In modern parenting circles it seems the norm to encourage children to express their feelings, “What are you feeling sweetheart?” is a common question to ask. Or if they seem unable to express their anger, frustration, grief or upset in words, then parents can do it for them. “You’re really unhappy about that.” or “Are you angry you can’t have the ice cream?”
This is how I as a caring and therapeutic parent talks to my child. I see that I want to demonstrate to my child that it’s okay for them (even desirable) to be in touch with their feelings. I wonder if I’m projecting my need onto them. I need to reverse the thought to “it’s okay for me as a mum to be in touch with MY OWN feelings”. Especially those feelings that get triggered by my child when they are in the throes of one negative emotional state or another.
As adults, we all know these days about emotional intelligence and how successful people have high emotional IQ’s etc. etc. We are all busy going to therapists, counsellors or coaches to get ourselves in touch with our emotions. We see and FEEL great release from being able to express what we are feeling in the moment.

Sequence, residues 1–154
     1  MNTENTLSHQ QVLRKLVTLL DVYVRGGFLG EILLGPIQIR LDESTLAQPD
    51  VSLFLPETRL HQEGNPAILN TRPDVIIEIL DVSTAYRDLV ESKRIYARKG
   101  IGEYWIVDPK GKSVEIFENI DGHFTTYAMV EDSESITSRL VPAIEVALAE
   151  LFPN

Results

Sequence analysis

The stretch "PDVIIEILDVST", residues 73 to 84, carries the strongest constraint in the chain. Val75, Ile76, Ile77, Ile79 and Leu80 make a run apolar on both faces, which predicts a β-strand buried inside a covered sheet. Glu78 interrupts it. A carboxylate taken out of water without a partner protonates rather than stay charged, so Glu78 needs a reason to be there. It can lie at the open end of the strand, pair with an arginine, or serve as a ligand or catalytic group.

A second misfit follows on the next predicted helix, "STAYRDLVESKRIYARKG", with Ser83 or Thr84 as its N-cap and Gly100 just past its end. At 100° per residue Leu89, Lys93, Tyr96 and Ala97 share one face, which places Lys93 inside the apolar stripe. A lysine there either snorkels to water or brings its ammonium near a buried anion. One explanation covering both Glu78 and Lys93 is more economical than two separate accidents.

So then we think, if it’s good for us adults, it must be good for our children. The latest parenting project becomes about raising emotionally intelligent children. We assume that raising an emotionally intelligent child means getting them to SPEAK about what they are feeling…
COULD WE BE WRONG?
Yes, an emotionally intelligent child has been allowed to express all of her or her emotions fully. She hasn’t been told to stop crying, she hasn’t been talked out of feeling disappointed with another promise of something more exciting, she hasn’t been distracted from her grief by watching a movie or being given some food, hasn’t been made to feel humiliated or shamed because of the feelings she is having.
Letting our children FEEL everything they feel, while we stay close or connected is how they start to make sense of these feelings. They EXPERIENCE them as temporary states, they get to know you love them no matter what and eventually when their frontal cortex is more developed they can start to put language and SPEAK to describe in words what they feel. Some brain research says this is as late as 9 or 10 years old.
So I’m not going to ask my 5 year old son any more “are you angry at your sister?” I’m just going to pick him up and hold him. I will offer understanding with soothing words and comfort as he deals with his feeling mad and bad. I might “you’re angry” and offer this to him, but I won’t expect him to be able to tell me or discuss his anger with me. Most of all I will assure him that this too will pass my little one, this too will pass. “You’re angry and its okay”